Black History Museum Opening Soon

Amanda Gilmore

For Bernice Henry and her nephew Darrell Smith, opening a black history museum in Ashland, Kentucky, is more than just a dream––it’s a mission.  That mission will be accomplished this spring when the C.B. Nuckolls Community Center and Black History Museum opens to the public.

“We feel like we were chosen to do this,” Henry said. “It’s something that had to be done for our community.”

The museum, located at 901 Kilgore Drive in Ashland, will include black history education, as well as archives and genealogy resources. The community has donated numerous items for display, including photos, dolls, and slave shackles. Numerous monetary donations have also been given for the museum, including through successful fundraising events.

“We can’t say enough about the collaboration, and the people in the community that jumped in,” Henry said. “It’s been overwhelming.”

Plans also include speaking tours and other interactive events. “We don’t want this to be just a place where you stare at things,” Henry explained. “We want it to be a living organism.”

In addition to featuring Ashland’s black history, the museum will showcase general black history. Smith has visited several black history museums across the country to get ideas and resources. “I think this museum will be a big draw,” he said. “It will bring more people to Ashland.”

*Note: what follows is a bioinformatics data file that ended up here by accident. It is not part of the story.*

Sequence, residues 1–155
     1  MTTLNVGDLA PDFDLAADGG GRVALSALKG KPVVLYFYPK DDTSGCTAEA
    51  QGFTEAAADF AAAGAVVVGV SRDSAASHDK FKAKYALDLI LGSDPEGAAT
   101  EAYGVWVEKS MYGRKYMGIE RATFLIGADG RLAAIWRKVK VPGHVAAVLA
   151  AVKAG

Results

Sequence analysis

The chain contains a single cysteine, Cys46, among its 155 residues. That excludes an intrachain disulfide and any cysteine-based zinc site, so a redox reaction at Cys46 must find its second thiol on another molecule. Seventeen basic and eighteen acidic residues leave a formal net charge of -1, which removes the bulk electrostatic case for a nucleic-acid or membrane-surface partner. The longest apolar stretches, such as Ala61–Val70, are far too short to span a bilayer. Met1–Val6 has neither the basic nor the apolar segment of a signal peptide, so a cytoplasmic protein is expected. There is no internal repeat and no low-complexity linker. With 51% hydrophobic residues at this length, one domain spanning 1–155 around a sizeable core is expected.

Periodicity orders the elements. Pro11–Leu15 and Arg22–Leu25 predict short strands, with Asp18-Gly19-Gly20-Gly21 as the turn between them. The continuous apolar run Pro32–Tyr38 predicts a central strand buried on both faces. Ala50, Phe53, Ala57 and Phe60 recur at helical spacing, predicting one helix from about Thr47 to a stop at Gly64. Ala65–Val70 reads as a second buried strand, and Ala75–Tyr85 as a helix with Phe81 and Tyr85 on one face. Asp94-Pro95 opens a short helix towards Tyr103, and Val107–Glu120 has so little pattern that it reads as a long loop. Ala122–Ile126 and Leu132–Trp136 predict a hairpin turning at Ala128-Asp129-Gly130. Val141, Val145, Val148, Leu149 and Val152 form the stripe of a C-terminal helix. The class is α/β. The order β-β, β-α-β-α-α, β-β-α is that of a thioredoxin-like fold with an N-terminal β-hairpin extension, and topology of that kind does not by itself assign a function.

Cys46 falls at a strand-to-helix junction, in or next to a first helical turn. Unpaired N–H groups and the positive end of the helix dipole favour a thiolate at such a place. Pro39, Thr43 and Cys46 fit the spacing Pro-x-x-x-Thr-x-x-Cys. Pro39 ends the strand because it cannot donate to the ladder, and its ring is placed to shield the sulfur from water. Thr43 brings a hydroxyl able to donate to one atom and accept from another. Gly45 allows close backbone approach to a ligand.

The museum’s namesake C.B. Nuckolls was the principal of the segregated Booker T. Washington School in Ashland from 1922 to 1962 when the school closed due to desegregation. Part of the museum will be dedicated to the school, which burned in 1975, destroying all its contents. As a child, Henry was bussed into the school, each day from her home in Catlettsburg. “It’s hard for people today to understand why I went there,” she said. “I didn’t have an option.”

Henry said she’s surprised that many young people have no idea about black history. She remembers one year she helped judge a children’s Martin Luther King, Jr. essay contest, and some of the participants thought King was a slave and freed the slaves. “I don’t fault the kids. I fault us for never teaching them. It’s not black history, it’s our history. It’s not a separatist thing, it’s a unity thing. You unify by sharing correct knowledge,” Henry said.

Both Smith and Henry are eager to open the doors for people to experience the museum for themselves. Henry shares her hopes for the museum with the help of a quote from Maya Angelou. “Angelou said, ‘People will forget what you said, people will forget what you did, but people will never forget how you made them feel,’” Henry said. “That’s what I want people to experience at the museum. They may not be able to verbalize their feelings when they’re there, but I want them to have a good feeling they can carry on in their life and someone else’s.”

More information about the museum and how to help its mission is available at